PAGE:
Professor Bradshaw, co-lead from the Warwick Business School, who has studied oil and gas developments in Russia for more than three decades, says it’s crucial to take a wide view on the global shift to decarbonize. “The local opportunity has to be understood against the global challenges. That’s the theme of this program and we have to think about how B.C., Western Canada and Canada more generally fit into that bigger picture.”
Bradshaw adds it is important to ask the difficult questions in an interactive format as there is a palpable sense of urgency to make changes in our energy production and consumption. “The whole point of this energy transition is that it is being done to address the externalities and the market failure which is climate change. We are not making a transition because we’ve run out of hydrocarbon; we are making the transition because we can’t burn the hydrocarbons we have due to the climate consequences of doing so.”
Kevin Hanna, faculty co-lead and Director of the Centre for Environmental Assessment Research at UBC, will bring his knowledge on environmental impact assessments and regulatory affairs to the discussion. He notes there are many significant factors to consider when looking at LNG projects in B.C. and Alberta such as good planning and comprehensive community engagement. “It is also key to plan early for meaningful Indigenous consultation and purposeful engagement with non-Indigenous communities. And it’s essential to be transparent and open about what you wish to accomplish. There are regional differences on how communities view the industry. In B.C., there are more nuances and variations in how the industry is viewed, while in Alberta the general outlook may be mostly positive since the economy is quite closely tied to the energy industry. There’s a lot to consider.” Hanna also notes while LNG issues in Canada are certainly complex, he believes LNG must be a key player in the shift away from more carbon intensive fuels. “We cannot instantly move to low or no carbon power production, but LNG needs to be part of the critical transition we must make for future generations.”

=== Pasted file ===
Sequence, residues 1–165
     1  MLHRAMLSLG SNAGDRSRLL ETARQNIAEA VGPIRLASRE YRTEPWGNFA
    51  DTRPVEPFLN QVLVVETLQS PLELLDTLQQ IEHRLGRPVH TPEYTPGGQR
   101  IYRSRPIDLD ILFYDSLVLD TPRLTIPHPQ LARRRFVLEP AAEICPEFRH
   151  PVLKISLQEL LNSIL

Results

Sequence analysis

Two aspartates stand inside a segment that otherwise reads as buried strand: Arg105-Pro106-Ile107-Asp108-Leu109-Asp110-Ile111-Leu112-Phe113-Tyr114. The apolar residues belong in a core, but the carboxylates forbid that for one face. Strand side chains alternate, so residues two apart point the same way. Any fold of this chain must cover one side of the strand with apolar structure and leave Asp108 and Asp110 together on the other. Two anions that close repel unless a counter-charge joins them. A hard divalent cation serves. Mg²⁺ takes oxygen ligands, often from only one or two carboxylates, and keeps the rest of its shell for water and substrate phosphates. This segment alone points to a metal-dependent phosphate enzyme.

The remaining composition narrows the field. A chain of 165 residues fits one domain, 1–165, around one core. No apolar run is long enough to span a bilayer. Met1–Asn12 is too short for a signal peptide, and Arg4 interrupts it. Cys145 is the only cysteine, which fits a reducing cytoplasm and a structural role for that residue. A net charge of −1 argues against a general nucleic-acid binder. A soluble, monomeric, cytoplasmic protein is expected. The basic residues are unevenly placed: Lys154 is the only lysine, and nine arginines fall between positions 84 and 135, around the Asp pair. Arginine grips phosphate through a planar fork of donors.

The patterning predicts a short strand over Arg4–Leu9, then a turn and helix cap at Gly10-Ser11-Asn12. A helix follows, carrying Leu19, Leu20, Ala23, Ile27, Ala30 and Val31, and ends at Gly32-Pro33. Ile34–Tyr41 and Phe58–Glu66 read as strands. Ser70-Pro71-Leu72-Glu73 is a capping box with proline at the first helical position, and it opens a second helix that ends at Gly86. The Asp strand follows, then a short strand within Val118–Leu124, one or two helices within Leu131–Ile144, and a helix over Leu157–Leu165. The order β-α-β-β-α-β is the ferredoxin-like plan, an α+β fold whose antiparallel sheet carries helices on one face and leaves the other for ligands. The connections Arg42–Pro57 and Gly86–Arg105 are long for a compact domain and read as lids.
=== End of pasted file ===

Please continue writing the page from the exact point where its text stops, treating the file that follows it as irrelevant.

The topics of governance, environmental sustainability and economic impacts will be the anchor points for the 2.5-day program. The program is designed to be a safe haven for open discussion in a critical, constructive and friendly format. All participants will receive a certificate of completion at the of the program. The program takes place on February 26-28, 2020 at UBC Robson Square.